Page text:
Guitar Pro 5. Looks gorgeous, easy to use, decent sounds, with a variety of options (mute, solo, slow down, transpose, time sigs etc). Been using GP since 2001. The only downside is their selling point for buying it as opposed to torrenting is the tech support but I've never had replies to my queries.
  • I use Guitarpro 5 all the time. I come up with lots and lots of riffs over the years so I usually write them up so I don't forget them. At the start it helped to teach me about transcribing too. Nowadays I am astounded by how quickly I know how to write out my stuff. I usually put on a drum track and jam away and that's how I usually come up with my riffs.

    Sometimes I develop those riffs into songs and I use Guitarpro to help put that together. I like to put the multi-track feature on so I can work to make the bass and guitar parts really lock with each other so it sounds like a complete piece of music rather than "here's a good riff and it sounds okay over this generic beat". I will work to make unique parts that accent certain aspects of a riff. Guitarpro is a great visual tool.

    Its fun to go back to riffs I wrote 6 years ago and either laugh at them or tweak them and make them into a new, improved riff.
  • inmyhandsinmyhands Posts: 11,588
    I'm now doing much the same with a Boss RC-300 Loop Station. Sometimes I start with a drum track but most often start with either a melody line if lyrics are already there or a bass track if the words just haven't come yet. At some point I've realized that my guitar life, (writing, playing, singing, creating), and my work life, (banks of computers surrounding me spitting out more information than one person can possibly absorb), are two distinct worlds. My songwriter life will remain tracks on a looper and old school pen and paper. Computers demand my focus. I lose the freedom to write what pops into my head spur of the moment. I need that pure focus on the new material to bring it to it's best.
  • jimmywhirlwindjimmywhirlwind Posts: 15
    edited October 2018

    Hi All, I’m resurrecting this discussion now because I wasn’t a member when it was active. If you’re still chasing the OP’s dream then I have some recent experience to add that you might find useful (if rather disappointing) to know. I too dream of being able to find musical ideas by just playing freely, getting in the zone, and then extracting specific moments of inspiration later in a form more useful than just the audio of what I played.

    Inmyhands wanted automatic tab from audio because he often couldn’t recapture the original moment of inspired playing. This is certainly a problem that I’ve experienced but not actually the one that drove my recent investigations - there are other motivations for automatically extracting the musical content of audio, and there are end results other than tablature, but since this thread was originally about getting tab automatically, I will describe my attempts to do just that.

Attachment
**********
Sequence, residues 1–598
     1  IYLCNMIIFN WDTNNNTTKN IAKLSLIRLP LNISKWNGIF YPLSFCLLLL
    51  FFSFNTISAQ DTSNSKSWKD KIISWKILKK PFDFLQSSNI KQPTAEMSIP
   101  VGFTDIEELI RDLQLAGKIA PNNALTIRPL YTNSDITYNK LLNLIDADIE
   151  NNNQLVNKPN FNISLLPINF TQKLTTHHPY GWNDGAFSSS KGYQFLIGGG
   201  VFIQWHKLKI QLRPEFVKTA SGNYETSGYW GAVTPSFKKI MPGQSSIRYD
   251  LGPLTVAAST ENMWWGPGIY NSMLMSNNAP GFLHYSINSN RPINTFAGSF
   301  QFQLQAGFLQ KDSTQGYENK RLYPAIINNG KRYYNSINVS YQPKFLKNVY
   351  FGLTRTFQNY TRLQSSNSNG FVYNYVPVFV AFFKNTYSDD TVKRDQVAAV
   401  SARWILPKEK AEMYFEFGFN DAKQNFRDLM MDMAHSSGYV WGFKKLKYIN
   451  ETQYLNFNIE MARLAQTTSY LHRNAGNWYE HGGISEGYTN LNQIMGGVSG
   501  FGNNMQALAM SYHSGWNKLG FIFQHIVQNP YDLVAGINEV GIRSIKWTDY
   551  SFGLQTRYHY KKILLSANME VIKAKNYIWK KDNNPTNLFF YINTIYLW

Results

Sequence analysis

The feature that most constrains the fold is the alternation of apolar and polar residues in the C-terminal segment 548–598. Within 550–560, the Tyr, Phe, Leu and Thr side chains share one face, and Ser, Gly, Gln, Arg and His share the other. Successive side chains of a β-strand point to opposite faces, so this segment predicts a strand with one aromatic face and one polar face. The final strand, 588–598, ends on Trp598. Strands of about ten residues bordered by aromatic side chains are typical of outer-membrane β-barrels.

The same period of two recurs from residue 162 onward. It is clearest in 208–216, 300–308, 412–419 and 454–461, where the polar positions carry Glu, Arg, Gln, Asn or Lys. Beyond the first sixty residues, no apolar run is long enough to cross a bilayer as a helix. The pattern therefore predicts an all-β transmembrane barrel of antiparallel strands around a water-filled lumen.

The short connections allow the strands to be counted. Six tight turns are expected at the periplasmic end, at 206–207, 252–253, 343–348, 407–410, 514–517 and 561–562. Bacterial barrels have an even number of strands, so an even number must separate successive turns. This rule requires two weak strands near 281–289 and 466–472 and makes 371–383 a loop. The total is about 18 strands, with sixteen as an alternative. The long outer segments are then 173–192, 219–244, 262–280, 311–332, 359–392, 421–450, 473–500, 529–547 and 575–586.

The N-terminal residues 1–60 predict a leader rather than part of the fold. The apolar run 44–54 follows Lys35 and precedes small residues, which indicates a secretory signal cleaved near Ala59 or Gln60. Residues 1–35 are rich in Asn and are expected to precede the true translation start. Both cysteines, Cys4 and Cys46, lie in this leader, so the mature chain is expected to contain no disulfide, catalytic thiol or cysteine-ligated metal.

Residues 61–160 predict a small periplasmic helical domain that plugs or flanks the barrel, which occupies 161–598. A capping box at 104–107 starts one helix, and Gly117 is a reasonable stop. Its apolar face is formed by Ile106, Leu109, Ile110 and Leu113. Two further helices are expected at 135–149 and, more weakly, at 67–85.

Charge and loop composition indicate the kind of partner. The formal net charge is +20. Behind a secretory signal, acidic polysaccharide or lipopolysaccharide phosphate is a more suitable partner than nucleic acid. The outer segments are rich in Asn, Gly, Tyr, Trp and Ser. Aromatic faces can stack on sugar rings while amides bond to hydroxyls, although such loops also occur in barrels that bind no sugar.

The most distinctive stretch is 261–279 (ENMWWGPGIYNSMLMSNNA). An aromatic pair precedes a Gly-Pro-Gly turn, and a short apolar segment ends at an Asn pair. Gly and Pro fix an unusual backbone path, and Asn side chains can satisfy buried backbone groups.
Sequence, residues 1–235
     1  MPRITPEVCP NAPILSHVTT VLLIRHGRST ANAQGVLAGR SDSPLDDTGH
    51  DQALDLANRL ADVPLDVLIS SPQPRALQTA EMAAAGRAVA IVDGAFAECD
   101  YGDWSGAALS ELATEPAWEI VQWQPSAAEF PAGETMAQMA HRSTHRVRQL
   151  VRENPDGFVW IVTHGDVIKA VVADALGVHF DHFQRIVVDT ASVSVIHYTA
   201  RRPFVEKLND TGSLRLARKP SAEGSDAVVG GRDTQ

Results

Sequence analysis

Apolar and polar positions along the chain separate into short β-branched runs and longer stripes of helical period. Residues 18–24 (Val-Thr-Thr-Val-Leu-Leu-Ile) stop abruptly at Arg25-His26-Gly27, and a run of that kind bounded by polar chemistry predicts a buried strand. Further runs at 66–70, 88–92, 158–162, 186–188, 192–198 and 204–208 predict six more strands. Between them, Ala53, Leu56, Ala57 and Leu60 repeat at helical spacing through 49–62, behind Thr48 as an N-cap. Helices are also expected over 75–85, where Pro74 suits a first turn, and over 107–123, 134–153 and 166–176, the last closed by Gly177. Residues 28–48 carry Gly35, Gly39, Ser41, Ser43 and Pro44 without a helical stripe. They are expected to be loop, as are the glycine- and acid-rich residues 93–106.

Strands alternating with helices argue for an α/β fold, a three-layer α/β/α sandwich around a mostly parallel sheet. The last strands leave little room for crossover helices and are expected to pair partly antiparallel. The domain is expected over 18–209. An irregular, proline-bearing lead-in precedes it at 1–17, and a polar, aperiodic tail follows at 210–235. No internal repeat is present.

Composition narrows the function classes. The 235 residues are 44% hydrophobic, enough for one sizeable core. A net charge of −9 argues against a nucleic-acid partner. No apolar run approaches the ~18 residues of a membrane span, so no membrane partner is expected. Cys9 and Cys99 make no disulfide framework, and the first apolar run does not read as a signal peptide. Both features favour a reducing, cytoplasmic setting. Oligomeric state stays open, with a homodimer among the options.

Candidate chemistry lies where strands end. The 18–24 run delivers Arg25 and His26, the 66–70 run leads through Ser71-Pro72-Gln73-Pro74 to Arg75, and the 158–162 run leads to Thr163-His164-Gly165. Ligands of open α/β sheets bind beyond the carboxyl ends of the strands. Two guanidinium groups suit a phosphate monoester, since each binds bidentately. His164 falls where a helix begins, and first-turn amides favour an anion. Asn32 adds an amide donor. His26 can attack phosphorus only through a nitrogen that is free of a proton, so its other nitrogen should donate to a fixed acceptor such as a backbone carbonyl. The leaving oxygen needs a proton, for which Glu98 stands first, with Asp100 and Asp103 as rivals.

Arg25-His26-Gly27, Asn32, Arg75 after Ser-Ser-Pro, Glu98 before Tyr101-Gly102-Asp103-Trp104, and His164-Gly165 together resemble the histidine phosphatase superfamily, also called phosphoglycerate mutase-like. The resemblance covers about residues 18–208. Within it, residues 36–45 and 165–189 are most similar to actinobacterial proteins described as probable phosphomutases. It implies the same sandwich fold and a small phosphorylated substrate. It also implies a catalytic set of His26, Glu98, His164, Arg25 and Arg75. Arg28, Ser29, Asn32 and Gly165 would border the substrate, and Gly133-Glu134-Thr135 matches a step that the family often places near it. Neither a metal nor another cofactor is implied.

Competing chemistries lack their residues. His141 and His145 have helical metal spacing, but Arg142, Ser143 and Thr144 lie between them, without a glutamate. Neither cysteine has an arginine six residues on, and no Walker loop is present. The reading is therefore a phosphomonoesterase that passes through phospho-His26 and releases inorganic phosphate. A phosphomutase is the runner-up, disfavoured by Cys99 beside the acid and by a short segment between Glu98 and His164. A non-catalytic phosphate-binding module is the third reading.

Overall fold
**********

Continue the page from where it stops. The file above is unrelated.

First off, as I’m sure you know, none of the major tab programs (Guitar Pro, Tux Guitar, Power Tab) have this function directly, and neither do any of the more general notation programs (such as Musescore). Yes, you can plug your guitar into GP but it is only a Line In for playing along with the score. However, they can import MIDI and convert it to tab. So maybe if we could convert guitar audio to MIDI then we can eventually have the result we want.

    Now, I completely agree with inmyhands’ comment that music mode and computer mode are too different to allow proper artistic flow. One is auditory, tactile, and direct;  the other is a pain in the arse of visual processing, ‘logical’ thinking and tapping buttons. By necessity, I make music on computers but it is generally unpleasant and frustrating,though I continually strive to make it more direct and artistic. Yes, audio -> MIDI -> tab would be an extra layer of work that takes us away from the guitar but it could be performed after the playing and might be scripted well enough to be painless. The question is, does it work at all?

    MIDI guitar is one of those weird niches that most players avoid and, historically, rightly so: no one wants a horrible looking MIDI pickup stuck on their Les Paul. But software-only technology has greatly improved (especially with developments in machine learning) and programs like Melodyne extract pitch and rhythm from general polyphonic audio and output it as MIDI.